• Input: Directed graph G represented by adjacency list

Running time:

O(V + E)

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connectivity1
Connectivity
  • A path in a graph is a sequence of vertices such that there is an edge between any two adjacent vertices in the sequence
  • Given two vertices we say that wis reachable from u if there is a path in G from u to w.
    • Note: w is reachable from uDOES NOT necessarily mean that u is reachable from w.

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reachability test
Reachability Test
  • How many (or which) vertices are reachable from a source node, say ?

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bfs and dfs
BFS and DFS
  • The algorithms for BFS and DFS remain the same
    • Each edge is now understood as a directed edge
  • BFS(V,E, s) :
    • visits all nodes reachable from s in non-decreasing order

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slide41
BFS
  • Starting from source node s,
    • Spread a wavefront to visit other nodes
    • First visit all nodes one edge away from s
    • Then all nodes two edges away from s

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pseudo code1
Pseudo-code

Use adjacency list

representation

Time complexity:

O(V+E)

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number of reachable nodes
Number of Reachable Nodes

Compute # nodes

reachable from

Time complexity:

O(V+E)

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dfs depth first search1
DFS: Depth-First Search
  • Similarly, DFS remains the same
    • Each edge is now a directed edge
  • If we start with all nodes unvisited,
    • Then DFS(G, visits all nodes reachable to node
  • BFS from previous NumReachable() procedure can be replaced with DFS.

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more example
More Example
  • Is reachable from ?
  • Is reachable from ?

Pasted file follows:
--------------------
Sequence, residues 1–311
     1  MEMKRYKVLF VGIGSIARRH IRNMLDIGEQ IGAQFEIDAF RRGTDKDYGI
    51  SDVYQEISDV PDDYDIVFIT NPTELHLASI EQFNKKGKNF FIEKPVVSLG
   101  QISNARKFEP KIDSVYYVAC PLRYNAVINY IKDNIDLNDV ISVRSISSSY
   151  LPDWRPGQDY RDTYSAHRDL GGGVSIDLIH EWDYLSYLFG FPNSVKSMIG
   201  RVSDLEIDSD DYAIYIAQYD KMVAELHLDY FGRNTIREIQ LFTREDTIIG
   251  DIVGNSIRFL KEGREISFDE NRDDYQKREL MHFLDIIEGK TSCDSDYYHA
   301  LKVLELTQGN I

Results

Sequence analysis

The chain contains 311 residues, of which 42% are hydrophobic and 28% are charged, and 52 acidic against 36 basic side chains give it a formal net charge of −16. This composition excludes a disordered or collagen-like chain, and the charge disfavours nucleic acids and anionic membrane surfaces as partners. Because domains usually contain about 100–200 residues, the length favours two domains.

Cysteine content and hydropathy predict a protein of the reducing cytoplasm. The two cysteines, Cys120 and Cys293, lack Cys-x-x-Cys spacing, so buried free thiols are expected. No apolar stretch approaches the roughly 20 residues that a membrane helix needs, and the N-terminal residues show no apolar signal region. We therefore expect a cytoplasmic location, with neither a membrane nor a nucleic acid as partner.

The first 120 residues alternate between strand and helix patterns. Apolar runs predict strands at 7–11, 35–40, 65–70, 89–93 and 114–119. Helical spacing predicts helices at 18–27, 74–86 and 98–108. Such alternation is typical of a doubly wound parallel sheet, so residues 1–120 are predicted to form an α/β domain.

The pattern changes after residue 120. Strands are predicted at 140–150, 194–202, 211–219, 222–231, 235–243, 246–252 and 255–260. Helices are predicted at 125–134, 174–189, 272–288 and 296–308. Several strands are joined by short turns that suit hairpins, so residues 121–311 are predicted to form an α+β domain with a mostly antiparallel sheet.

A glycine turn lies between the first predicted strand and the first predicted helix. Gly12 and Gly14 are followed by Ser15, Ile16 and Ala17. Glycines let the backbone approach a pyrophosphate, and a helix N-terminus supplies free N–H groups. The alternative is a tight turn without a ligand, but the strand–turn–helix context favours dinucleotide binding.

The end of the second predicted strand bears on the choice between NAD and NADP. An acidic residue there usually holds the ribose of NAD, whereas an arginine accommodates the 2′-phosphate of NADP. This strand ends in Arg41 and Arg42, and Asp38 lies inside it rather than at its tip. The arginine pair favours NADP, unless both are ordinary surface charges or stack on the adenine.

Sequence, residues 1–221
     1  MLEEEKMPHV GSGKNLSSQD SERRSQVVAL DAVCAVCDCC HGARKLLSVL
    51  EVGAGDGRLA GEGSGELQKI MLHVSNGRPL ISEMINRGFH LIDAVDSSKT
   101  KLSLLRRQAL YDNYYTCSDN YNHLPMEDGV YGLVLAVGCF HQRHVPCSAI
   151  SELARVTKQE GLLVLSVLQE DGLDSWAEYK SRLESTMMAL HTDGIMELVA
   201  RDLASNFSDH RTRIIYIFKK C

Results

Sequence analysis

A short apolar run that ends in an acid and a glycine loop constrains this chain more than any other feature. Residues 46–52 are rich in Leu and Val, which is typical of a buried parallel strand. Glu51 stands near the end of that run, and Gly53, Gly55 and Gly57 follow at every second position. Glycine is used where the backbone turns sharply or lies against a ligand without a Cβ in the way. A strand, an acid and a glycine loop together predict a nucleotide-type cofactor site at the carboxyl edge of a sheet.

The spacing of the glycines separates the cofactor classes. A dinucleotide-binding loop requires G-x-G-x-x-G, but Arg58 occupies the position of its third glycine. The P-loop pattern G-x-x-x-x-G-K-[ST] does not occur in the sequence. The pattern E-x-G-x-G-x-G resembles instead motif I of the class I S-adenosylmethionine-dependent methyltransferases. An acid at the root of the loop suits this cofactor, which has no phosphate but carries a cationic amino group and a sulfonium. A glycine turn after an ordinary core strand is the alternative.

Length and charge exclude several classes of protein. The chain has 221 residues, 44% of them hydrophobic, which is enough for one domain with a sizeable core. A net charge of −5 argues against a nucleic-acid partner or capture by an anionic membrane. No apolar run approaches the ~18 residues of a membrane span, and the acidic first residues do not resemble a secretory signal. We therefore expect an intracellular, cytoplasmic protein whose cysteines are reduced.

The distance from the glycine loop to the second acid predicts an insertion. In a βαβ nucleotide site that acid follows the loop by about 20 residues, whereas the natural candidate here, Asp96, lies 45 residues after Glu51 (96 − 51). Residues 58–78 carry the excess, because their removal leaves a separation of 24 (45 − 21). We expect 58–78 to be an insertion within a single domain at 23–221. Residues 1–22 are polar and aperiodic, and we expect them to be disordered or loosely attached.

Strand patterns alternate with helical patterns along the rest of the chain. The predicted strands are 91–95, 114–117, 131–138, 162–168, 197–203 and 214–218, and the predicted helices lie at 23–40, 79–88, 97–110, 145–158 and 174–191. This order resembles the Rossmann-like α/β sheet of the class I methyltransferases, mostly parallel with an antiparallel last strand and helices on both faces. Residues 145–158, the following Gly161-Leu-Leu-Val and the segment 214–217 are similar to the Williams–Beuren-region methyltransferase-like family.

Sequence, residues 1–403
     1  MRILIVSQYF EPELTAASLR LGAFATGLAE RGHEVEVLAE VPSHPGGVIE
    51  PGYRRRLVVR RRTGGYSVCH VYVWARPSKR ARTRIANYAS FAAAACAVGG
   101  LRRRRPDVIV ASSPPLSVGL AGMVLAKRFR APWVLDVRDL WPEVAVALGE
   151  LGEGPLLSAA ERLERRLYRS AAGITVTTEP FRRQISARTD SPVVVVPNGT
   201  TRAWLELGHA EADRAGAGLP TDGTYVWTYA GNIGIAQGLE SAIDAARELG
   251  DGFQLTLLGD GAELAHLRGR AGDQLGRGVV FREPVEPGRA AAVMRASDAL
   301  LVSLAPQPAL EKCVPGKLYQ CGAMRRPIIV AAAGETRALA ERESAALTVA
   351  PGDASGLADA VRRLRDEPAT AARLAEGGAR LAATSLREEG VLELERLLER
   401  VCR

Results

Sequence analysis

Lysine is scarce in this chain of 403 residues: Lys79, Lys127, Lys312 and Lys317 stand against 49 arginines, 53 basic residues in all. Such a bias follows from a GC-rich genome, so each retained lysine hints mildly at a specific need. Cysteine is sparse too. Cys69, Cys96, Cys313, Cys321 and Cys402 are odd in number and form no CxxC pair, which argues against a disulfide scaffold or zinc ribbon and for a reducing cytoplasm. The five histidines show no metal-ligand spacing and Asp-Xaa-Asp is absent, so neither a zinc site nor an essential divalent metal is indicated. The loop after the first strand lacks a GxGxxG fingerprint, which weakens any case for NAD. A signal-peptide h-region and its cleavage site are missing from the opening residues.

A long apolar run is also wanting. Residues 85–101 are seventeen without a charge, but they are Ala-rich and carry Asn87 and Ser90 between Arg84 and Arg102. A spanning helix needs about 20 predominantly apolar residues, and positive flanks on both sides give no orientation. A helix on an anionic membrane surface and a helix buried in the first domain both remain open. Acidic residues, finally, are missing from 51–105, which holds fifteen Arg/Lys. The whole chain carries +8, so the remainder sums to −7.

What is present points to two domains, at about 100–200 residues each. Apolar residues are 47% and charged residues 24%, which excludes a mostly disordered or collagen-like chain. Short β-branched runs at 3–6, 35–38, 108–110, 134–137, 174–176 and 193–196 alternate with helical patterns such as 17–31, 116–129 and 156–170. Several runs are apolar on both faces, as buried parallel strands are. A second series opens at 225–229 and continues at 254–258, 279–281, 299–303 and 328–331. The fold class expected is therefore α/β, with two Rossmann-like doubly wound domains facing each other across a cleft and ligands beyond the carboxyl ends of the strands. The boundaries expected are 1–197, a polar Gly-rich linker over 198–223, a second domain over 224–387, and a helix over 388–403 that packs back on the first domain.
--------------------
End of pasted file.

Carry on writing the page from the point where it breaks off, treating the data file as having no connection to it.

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slide46

DFS above can be replaced with BFS

DFS(G, k);

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topological sort
Topological Sort

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directed acyclic graph
Directed Acyclic Graph
  • A directed cycle is a sequence such that there is a directed edge between any two consecutive nodes.
  • DAG: directed acyclic graph
    • Is a directed graph with no directed cycles.

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topological sort1

undershorts

socks

watch

pants

shoes

shirt

belt

tie

jacket

Topological Sort
  • A topological sort of a DAG G = (V, E)
    • A linear ordering A of all vertices from V
    • If edge (u,v)  E => A[u] < A[v]

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another example
Another Example

Why requires DAG?

Is the sorting order

unique?

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slide51

A topological sorted order of graph G exists if and only if G is a directed acyclic graph (DAG).

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question
Question
  • How to topologically sort a given DAG?
  • Intuition:
    • Which node can be the first node in the topological sort order?
    • A node with in-degree 0 !
    • After we remove this, the process can be repeated.

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example2

undershorts

socks

watch

pants

shoes

shirt

belt

tie

jacket

Example

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slide56

Time complexity

    • O(V+E)
  • Correctness:
    • What if the algorithm terminates before we finish visiting all nodes?
    • Procedure TopologicalSort(G) outputs a sorted list of all nodes if and only if the input graph G is a DAG
      • If G is not DAG, the algorithm outputs only a partial list of vertices.

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remarks1
Remarks
  • Other topological sort algorithm by using properties of DFS